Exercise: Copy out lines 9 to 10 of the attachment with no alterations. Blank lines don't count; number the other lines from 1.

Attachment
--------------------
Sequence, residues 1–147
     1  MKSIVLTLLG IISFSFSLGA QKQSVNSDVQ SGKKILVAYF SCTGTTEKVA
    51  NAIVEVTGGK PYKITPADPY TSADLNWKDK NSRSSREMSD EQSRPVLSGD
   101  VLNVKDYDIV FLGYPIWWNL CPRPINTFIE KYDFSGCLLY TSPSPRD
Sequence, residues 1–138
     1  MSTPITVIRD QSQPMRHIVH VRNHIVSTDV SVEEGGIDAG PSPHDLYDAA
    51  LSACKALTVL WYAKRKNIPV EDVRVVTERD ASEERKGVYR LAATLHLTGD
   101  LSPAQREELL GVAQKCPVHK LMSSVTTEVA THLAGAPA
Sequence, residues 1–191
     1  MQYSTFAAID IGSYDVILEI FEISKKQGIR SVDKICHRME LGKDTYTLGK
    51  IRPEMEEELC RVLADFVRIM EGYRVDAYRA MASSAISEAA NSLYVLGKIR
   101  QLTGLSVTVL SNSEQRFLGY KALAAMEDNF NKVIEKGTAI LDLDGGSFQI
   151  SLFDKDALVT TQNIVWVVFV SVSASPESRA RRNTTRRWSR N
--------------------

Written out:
Sequence, residues 1–191
     1  MQYSTFAAID IGSYDVILEI FEISKKQGIR SVDKICHRME LGKDTYTLGK